At the same time, you must consider water, energy and fuel supply, which all need to be cautiously gauged to not run out and into trouble. A shortage of drinking water can be life threatening, especially if you’re lacking a desalination plant. The latter, did exist on the “Soggy Paws” but wasn’t yet functioning and still had to be tested. The installation of such a device takes weeks and a whole lot of knowledge, unless you’re willing to pay somebody else to do it for you. On the other hand, being a cruiser, it is always favourable to be able to do everything by yourself rather than to rely on the expertise of technicians. This is especially important with regard to safety, as equipment usually fails you in the worst of moments in the middle of the ocean. For the same reason, it is of utmost importance to keep a well stocked supply of spare parts. But of course it also conserves your financial resources, if you can do it yourself.

Sailing a yacht

The actual manoeuvring of the boat, the sailing and navigation part, is surprisingly dull. The route is usually prepared the previous day and includes a number of considerations, such as weather, currents and of course wind speed. The wide spectrum of factors that need to be taken into account, make navigation such a difficult and important task that in our case was done by Sherry. Her vast experience in yacht race sailing made her the perfect navigator.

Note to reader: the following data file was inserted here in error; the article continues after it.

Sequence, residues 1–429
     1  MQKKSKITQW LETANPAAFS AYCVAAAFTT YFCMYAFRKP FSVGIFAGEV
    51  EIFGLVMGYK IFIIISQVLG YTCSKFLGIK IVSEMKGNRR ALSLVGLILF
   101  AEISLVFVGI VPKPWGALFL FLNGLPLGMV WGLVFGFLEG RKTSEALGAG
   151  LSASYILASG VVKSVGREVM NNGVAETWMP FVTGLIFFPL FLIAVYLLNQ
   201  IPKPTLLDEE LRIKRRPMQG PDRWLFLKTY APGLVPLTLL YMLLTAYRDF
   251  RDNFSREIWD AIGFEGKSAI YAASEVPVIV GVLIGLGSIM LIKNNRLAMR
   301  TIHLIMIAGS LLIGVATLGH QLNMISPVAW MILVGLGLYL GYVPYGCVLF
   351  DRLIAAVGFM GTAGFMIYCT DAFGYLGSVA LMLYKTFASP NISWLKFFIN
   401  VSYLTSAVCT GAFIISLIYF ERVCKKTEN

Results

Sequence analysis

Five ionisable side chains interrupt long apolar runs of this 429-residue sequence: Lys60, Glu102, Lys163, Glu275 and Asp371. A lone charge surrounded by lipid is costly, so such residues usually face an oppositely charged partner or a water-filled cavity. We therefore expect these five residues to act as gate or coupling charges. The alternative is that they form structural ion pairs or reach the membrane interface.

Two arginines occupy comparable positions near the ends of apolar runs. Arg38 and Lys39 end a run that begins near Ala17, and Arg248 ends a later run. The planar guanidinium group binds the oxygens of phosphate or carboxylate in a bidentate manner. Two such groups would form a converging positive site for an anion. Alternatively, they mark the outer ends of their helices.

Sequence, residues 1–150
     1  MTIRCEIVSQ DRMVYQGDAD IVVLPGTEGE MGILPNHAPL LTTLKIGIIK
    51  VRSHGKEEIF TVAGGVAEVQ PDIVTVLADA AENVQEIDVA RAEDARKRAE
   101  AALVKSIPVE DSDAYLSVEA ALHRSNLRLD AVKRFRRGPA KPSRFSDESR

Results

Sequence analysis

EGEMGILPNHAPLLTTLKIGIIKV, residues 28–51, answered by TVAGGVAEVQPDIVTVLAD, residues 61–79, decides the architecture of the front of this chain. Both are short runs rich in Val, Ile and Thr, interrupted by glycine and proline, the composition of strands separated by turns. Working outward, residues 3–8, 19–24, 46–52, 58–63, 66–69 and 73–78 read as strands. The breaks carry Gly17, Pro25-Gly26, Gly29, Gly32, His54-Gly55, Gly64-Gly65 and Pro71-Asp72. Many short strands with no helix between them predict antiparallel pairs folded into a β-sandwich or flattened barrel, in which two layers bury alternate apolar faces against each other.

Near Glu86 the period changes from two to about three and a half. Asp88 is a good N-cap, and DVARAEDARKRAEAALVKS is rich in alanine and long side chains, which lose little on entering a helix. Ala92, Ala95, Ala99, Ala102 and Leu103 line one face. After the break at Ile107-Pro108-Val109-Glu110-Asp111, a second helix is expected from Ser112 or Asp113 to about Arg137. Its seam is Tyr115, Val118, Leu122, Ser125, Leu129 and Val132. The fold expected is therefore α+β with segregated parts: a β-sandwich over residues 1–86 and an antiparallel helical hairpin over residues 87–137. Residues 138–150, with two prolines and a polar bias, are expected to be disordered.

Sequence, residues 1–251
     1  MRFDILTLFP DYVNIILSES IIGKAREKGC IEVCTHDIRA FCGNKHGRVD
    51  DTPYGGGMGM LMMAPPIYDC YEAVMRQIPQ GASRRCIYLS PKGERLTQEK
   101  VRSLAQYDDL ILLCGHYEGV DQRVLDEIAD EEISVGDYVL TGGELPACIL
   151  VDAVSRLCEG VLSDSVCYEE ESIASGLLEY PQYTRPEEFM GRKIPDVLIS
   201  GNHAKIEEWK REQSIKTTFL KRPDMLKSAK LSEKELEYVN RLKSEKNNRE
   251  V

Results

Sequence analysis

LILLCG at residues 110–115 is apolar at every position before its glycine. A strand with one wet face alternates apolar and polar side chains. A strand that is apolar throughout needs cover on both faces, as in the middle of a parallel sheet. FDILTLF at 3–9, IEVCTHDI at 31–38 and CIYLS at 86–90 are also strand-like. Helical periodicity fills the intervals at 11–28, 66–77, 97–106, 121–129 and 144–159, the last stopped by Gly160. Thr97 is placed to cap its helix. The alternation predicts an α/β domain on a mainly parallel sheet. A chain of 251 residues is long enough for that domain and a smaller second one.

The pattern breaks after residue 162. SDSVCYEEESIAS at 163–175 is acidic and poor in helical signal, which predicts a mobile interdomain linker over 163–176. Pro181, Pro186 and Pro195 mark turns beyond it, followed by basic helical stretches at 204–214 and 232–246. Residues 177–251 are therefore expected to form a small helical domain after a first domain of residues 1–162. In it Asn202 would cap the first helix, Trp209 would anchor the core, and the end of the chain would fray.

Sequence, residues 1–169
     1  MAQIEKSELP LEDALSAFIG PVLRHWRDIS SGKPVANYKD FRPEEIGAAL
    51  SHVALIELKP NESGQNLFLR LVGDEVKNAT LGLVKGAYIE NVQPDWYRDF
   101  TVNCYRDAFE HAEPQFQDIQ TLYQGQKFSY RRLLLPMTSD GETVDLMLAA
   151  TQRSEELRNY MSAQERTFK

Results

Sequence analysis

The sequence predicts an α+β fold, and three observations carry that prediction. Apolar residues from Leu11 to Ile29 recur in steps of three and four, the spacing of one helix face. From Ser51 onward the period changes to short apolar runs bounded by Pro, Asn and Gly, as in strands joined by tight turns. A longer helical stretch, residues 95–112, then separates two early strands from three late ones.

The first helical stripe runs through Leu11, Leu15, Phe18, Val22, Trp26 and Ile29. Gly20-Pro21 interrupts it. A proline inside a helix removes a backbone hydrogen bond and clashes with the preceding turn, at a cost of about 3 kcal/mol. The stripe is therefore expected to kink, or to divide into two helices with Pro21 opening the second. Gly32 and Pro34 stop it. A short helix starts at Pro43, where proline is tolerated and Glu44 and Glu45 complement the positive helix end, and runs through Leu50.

However, once the plan is laid out, the actual sailing resembles the simple task of following a line on a digital navigation aid. Especially as long as the auto-pilot is steering, this becomes a task as easy as sleeping… whereby, sleeping is the only thing you are not allowed to do.

Because supervising a nautical auto-pilot is exceptionally simple, you are free to do everything else. Unless of course you suffer from sea sickness, there are many things one can do on a boat. Starting with useful maintenance work (e.g. the desalination plant), over reading, writing, fishing, sunbathing (careful, dangerous and painful) and of course sleeping (best for those people that get sea sick), there is always something to do. Personally, I never felt bored on the Soggy Paws.

The interior of a 44-foot catamaran